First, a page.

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T.S. Eliot and the Cultural Divide
By David Chinitz
University of Chicago PressCopyright © 2003 David Chinitz
All right reserved.
Speaking in his native St. Louis in 1953, Eliot recounted the adventure of a certain American native who had survived the arduous voyage to Great Britain:
In October last occurred an event which, while not as spectacular as the descent of Col. Lindbergh at Le Bourget in "The Spirit of St. Louis," is equally remarkable in its kind. For the first time, apparently, an American robin, well named turdus migratorius, crossed the Atlantic under its own power, "favoured" according to the report, by "a period of strong westerly weather."
("American Literature" 50)Eliot went on to identify this expatriate with the "American language," extending its influence eastward through the mass media, global capitalism, and the other phenomena of postindustrial modernity that seemed to emanate from the United States. Yet it is hard not to identify the robin with Eliot himself, especially when he contrives (as if their parallel courses were not already obvious) to associate the bird's point of origin with St. Louis. Moreover, the "strong westerly weather" that had blown Eliot along his own passage to prominence was essentially the same force that was backing American English.During his rise to what Delmore Schwartz would call "literary dictatorship," Eliot had been an American poet in England--it is not clear that he ever really ceased to be--and his ascendancy seemed related in some mysterious way to the other cultural developments blown over from America by the proverbial winds of change. The conviction that Eliot's work was, somehow, fundamentally connected with jazz in particular has been held with assurance, even taken for granted, by critics since the earliest years of Eliot's career. This chapter will show how that notion, though often vaguely apprehended, contains a genuine insight with a basis in both history and prosody.
In his 1953 address Eliot proceeded to "speculate on the future" of the transatlantic robin. Would it soon be joined by a mate of its own species to populate England with American robins? Otherwise--as seems more likely--
Our lone pioneer must make the best of it, and breed with the English thrush, who is not migratorius but musicus. In the latter event, the English must look out for a new species of thrush, with a faint red spot on the male breast in springtime; a species which, being a blend of migratorius and musicus, should become known as the troubadour-bird, or organ-grinder.Again, drawing a parallel with T. S. Eliot is irresistible. For Eliot was himself, as poet, just that combination of migratorius and musicus, an original blend of Yankee revolutionary and Great Traditionalist, peripatetic haranguing prophet and patron of the "music of poetry," exile and tribal bard. Eliot himself, to complete the analogy, was the "troubadour-bird," or else--and how much homelier it sounds!--the "organ-grinder." Of these two epithets, the early Eliot at least would have embraced the second. We will see presently how he chose to depict himself as a kind of literary organ-grinder: a rude musician, inelegant, impoverished, unrefined, an American migrant worker in the rich but overcultivated aesthetic fields of the Old World.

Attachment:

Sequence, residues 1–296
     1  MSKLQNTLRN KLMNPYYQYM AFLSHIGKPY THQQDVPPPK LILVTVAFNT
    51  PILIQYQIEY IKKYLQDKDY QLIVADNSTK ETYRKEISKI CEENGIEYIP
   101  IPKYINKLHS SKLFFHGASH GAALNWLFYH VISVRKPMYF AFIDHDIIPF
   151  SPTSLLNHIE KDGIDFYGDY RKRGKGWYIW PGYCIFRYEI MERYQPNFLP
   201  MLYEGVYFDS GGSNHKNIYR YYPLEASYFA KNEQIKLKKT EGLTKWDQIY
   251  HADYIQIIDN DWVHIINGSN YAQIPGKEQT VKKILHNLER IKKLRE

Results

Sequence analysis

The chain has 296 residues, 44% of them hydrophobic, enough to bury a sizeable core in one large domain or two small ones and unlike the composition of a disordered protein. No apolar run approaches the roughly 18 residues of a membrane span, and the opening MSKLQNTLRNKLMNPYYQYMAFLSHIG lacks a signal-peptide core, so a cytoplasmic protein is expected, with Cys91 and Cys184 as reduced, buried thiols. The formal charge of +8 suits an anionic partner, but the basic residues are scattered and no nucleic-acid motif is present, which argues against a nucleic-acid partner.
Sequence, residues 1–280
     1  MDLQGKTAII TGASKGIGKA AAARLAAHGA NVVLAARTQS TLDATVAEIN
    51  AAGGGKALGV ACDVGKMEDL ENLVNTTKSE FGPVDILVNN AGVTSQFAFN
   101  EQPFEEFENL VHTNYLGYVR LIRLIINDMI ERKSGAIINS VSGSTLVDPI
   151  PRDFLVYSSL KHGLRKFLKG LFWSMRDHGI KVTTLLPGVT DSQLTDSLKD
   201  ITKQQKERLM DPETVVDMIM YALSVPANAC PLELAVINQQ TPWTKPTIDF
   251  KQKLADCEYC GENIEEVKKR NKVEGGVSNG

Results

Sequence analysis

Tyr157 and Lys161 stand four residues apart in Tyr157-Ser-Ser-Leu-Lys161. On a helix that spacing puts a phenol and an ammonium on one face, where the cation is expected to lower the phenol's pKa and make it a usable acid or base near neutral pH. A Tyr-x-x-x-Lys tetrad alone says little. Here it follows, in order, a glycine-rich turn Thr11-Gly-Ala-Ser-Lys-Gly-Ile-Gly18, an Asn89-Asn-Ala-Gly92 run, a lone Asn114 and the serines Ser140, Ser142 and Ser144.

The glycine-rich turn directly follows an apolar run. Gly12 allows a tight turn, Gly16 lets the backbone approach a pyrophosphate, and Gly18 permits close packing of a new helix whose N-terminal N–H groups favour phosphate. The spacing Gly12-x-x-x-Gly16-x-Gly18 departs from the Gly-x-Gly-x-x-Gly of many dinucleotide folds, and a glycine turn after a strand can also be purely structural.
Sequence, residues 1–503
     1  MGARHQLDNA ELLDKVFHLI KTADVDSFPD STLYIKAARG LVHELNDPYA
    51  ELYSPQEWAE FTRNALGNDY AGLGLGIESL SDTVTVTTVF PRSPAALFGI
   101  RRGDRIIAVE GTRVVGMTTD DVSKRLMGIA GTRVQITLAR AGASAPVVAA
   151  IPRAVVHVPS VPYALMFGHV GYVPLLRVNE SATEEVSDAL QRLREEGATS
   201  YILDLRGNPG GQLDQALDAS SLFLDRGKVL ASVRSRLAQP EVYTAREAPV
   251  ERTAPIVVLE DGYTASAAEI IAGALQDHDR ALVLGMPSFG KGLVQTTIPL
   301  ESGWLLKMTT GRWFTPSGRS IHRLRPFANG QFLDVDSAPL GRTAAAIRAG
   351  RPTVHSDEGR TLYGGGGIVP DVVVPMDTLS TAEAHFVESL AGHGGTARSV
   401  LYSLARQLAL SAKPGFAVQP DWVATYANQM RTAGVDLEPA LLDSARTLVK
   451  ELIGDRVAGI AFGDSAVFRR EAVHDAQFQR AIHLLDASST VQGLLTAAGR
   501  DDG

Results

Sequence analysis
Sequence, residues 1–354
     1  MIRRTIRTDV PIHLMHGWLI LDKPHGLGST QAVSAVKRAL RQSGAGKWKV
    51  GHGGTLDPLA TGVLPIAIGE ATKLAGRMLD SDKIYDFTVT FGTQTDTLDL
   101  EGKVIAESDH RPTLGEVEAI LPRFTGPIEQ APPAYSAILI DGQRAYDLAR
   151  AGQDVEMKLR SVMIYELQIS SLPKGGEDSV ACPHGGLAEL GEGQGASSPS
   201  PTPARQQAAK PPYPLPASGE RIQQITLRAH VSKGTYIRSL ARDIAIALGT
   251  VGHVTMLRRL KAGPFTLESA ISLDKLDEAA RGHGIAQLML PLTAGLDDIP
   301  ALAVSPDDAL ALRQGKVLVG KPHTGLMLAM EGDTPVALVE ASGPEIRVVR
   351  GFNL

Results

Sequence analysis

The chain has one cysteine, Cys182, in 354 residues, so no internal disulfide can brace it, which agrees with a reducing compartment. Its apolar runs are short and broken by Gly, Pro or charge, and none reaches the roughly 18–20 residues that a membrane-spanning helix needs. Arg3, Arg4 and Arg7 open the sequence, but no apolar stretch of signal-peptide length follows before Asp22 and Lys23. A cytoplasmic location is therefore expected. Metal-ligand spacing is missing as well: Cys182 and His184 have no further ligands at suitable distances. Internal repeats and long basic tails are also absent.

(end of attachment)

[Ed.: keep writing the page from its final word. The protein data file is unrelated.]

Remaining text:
To play this role in the culturally conservative enclave of early-twentieth-century London was, for Eliot, to present himself as something of a barbarian at the gates. His status as an outsider was enabling. Only by speaking as an American could Eliot write to Maxwell Bodenheim in 1921, "I have . . . a certain persistent curiosity about the English and a desire to see whether they can ever be roused to anything like intellectual activity." This is Eliot at his most secure, certain that England needed him to rouse it. "This is not conceit," he assured Bodenheim, "merely a kind of pugnacity." By positioning himself as an American intruder, Eliot could critique British culture from a seemingly independent point of view.
Although Eliot found it useful in this endeavor to be an American, his pugnacity found no object in America. He showed little interest in attempting to arouse "anything like intellectual activity" in the United States--considered this, in fact, an unlikely prospect. The letter to Bodenheim explains the English difference: "Once there was a civilisation here, I believe, that's a curious and exciting point." And this opposition of a once-civilized England to an ever-heathenish America gnawed at Eliot precisely because he was an American: he feared that his roots would forever snarl him in what he regarded as the morass of American nonculture. In 1919 he told his friend Mary Hutchinson of his struggle to fathom the English national character:
But remember that I am a metic--a foreigner, and that I want to understand you, and all the background and tradition of you. I shall try to be frank--because the attempt is so very much worth while with you--it is very difficult with me--both by inheritance and because of my very suspicious and cowardly disposition. But I may simply prove to be a savage.Shortly after this letter, Eliot was writing "Tradition and the Individual Talent" and attempting to reassure himself that tradition "cannot be inherited, and if you want it you must obtain it by great labour." If so, then being born, as Pound was to put it, "[i]n a half savage country" was no disqualification (Selected Poems 61): everyone had to labor to obtain "civilization," a term Eliot uses interchangeably with "tradition" in his letter to Hutchinson. But this idea could not dispel the anxious concern that Eliot, as an American, had simply missed out on the opportunity to be civilized. Civilization, he wrote to Hutchinson, "forms people unconsciously--I don't think two or half a dozen people can set out by themselves to be civilised." Thus Eliot himself, for all his efforts, might "simply prove to be a savage." He would like to have been Henry James in Rome, but dreaded that he might instead be Burbank, or even Bleistein, in Venice.